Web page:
Monday, November 2, 2009

Canal Irrigation in other States

Punjab and Haryana Due to flat nature of the ground, perennial flow of rivers and the fertile alluvial soil, the canal system is mostly suitable for these states. A special feature of the system is that all the rivers have been inter-connected by means of canals so that the water resources of these are pooled together for maximum utilisation. The Upper Bari Doab Canal, first of its kind in India, was completed in 1859 over the Ravi river at Madhopur; The main canal and its distributaries irrigate land in Amritsar and Gurdaspur district~. The Western Yamuna Canal, one of the oldest canal systems in India, is constructed at Tejwala In Haryana. It irrigates land in the districts of Patiala in Punjab and Ambala, Rohtak, Kamal, Jind and Hissar districts. The Sirhind Canal was constructed in 1884. It takes off from the Satluj at Ropar, and irrigates over six lakh hectare of land in the districts of Ludhiana, Ferozepur, and Patiala in Punjab and Jind (Haryana). The Bhakra Canal, constructed in 1964, irrigates large tracts of agri­cultural land in Punjab and Haryana. It takes water from the Bhakra dam. The Nangal Canal is a continuation of the ~hakra canal and irrigates land in the districts of Jafandhar, Ferozepur, Ludhiana, Patiala.

Uttar Pradesh
In Uttar Pradesh canal irrigation is gaining importance day by day and is significant in drought prone areas. The Upper and Lower Ganga Canals are the oldest and the most dependable canal systems in Uttar Pradesh. Upper Ganga canal takes off from Ganga near Hardwar while the Lower Ganga canal starts from Narora. The Eastern Yamuna Canal takes off from River Yamuna near Faizabad and irrigates land in the districts of Muzaffamagar, Saharanpur, Meerut and Delhi. The Agra Canal takes off frbm the Yamuna at Okhla and irrigates land in the districts of Mathura, Gurgaon, Agra, Bharatpur and Delhi. The Sharda Canal takes off from River Sharda at Baubasa. This old canal irrigates large tracts of Gorakhpur, Lucknow, Faizabad districts.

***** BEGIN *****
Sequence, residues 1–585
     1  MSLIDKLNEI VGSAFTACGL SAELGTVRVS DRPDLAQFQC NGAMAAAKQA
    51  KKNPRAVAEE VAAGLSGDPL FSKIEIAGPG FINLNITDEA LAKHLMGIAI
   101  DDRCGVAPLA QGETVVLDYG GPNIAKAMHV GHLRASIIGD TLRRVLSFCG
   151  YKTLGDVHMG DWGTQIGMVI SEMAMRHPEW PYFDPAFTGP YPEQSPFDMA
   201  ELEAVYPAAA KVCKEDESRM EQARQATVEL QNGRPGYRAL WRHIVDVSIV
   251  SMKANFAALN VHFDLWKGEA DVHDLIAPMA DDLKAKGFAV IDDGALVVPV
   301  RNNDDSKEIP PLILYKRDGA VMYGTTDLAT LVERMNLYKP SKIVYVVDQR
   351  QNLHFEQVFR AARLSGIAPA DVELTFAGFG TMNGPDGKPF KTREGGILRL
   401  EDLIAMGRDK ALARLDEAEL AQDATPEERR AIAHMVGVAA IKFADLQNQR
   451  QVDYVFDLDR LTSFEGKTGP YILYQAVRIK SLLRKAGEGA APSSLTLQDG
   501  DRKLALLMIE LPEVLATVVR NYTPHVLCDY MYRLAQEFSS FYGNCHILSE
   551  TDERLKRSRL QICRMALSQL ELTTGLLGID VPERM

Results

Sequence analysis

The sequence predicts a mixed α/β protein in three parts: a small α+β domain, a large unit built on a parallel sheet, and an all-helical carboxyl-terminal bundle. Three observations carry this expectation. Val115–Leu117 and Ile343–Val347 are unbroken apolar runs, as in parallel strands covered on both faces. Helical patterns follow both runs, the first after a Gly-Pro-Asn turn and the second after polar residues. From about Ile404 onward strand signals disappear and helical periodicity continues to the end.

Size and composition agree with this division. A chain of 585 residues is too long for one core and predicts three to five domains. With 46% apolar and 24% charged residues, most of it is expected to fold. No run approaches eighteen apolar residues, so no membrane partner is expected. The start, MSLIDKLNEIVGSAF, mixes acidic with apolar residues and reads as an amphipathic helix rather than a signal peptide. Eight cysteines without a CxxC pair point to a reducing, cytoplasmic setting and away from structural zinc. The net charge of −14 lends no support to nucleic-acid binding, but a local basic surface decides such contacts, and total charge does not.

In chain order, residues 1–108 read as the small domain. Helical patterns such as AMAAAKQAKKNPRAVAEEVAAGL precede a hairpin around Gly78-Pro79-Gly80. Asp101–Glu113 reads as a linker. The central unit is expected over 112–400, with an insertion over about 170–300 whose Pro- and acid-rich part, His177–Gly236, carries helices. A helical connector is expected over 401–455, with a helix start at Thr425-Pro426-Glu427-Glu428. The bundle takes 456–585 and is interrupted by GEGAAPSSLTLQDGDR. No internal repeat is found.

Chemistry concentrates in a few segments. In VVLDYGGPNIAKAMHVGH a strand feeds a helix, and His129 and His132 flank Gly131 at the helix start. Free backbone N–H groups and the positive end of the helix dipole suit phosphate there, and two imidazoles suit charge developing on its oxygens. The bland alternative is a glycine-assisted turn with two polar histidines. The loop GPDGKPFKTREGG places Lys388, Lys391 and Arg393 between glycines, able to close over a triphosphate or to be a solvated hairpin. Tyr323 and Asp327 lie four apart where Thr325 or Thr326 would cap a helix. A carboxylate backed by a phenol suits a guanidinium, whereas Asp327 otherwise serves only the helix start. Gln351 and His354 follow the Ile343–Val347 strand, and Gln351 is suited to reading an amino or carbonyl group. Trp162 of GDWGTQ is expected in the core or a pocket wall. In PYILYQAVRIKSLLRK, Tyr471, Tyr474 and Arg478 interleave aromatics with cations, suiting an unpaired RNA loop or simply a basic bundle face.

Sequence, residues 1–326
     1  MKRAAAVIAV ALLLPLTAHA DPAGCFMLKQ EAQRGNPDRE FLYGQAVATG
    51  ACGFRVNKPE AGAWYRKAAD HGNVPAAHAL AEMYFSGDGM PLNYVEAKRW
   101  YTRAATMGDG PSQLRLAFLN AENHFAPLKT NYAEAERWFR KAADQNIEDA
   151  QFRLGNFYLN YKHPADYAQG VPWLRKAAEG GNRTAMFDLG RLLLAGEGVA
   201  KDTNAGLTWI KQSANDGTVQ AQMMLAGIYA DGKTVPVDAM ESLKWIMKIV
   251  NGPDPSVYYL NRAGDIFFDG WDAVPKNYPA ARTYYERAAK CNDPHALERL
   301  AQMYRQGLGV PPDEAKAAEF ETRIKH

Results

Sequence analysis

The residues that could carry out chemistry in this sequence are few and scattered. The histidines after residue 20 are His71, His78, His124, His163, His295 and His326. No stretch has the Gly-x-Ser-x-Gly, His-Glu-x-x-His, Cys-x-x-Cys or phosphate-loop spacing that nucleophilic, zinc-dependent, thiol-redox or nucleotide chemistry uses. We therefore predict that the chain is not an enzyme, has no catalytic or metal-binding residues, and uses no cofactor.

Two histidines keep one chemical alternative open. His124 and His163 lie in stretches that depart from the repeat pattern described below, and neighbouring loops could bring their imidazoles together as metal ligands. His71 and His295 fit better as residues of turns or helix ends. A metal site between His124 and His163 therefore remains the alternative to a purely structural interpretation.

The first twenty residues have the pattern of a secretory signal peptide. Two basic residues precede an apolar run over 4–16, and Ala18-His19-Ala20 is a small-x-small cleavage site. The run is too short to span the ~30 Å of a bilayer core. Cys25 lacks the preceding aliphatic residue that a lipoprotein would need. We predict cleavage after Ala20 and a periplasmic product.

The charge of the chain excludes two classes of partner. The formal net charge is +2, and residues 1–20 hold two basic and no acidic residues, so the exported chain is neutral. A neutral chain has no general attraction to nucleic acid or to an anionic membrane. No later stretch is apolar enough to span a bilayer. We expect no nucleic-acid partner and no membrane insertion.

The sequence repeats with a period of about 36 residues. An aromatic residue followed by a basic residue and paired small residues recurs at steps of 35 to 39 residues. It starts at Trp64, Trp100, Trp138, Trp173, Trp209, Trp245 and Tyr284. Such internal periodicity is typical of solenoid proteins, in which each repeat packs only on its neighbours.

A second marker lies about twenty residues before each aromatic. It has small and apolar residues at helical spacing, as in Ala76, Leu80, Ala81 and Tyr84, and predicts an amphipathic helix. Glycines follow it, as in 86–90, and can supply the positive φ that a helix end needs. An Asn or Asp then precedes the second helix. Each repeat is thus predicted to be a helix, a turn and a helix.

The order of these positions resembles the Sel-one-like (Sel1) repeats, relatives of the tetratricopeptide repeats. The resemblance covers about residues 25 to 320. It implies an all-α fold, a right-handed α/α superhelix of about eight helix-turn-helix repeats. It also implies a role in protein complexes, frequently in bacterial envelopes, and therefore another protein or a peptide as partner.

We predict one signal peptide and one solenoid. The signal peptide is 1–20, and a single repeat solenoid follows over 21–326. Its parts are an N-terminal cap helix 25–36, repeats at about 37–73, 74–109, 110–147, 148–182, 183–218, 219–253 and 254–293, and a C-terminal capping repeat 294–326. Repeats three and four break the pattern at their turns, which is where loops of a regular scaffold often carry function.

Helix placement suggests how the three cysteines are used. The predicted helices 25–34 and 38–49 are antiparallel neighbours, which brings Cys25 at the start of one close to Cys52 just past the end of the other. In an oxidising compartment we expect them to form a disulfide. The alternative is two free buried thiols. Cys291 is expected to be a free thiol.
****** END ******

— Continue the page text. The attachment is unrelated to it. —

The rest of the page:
Bihar In Bihar the canal system is moderately developed. Most of the canals are of the perennial type. The Sone Canals derive their water from a
weir across River Sone near Dehri and this water is utilised for irrigating land in the Ganga, Patna and Shahabad districts. The Triveni Canal takes off from River Triveni and
is used in Champaran district.

West Bengal Canal systems in the state were devel­oped only during the First Five Year Plan. Most of the canals in the state were constructed by the Damodar Valley Corporation. Two other barrages have been constructed on the Mayurakshi, Kangsabati and Tista rivers.
Orissa and Andhra Pradesh The famous Hirakud project and Mahanadi canal are supplying ample irrigation water to Puri, Cuttack and Sambalpur districts in Orissa. In Andhra Pradesh, Krishna and Godavari, two large river systems, are providing ample water for irrigational pur­pose.

Kerala Malampuzha canal system in Palakkad district, Periyar canal in Kozhikode district, and Pamba canal in Kollam district are the major irrigational canals.

Rajasthan Here the rainfall is scanty and the area is drought prone. A majDr share of Bhakra canal water flows through Rajasthan. The oldest canal system of Rajasthan is the Ganganagar canal. Other noted canal systems are Jawai canal, Chambal projects and the newly constructed Rajasthan Canal Project (Indira Gandhi canals).

The detrimental effects of canal irrigation, however, make canals a problematic source. Overflooding of canals, coupled with the absence of lining of canal beds, leads to the seepage of water into adjoining water tables; and if the water table is close to the surface, to salinisation of soil cover through capillary action. The saturation of water table leads to waterlogging and subsequently to the swamping of land, leaving it unsuitable for cultivation or habitation. Waterlogging and salination have left six million hectare area as waste, a third of it lying in the northern plains.

Scientific water management practices are required to overcome such effects. Drip-irrigation and sprinklers are two such methods. The Command Areas Development Programme has efficient and scientific water management as one of the objectives.

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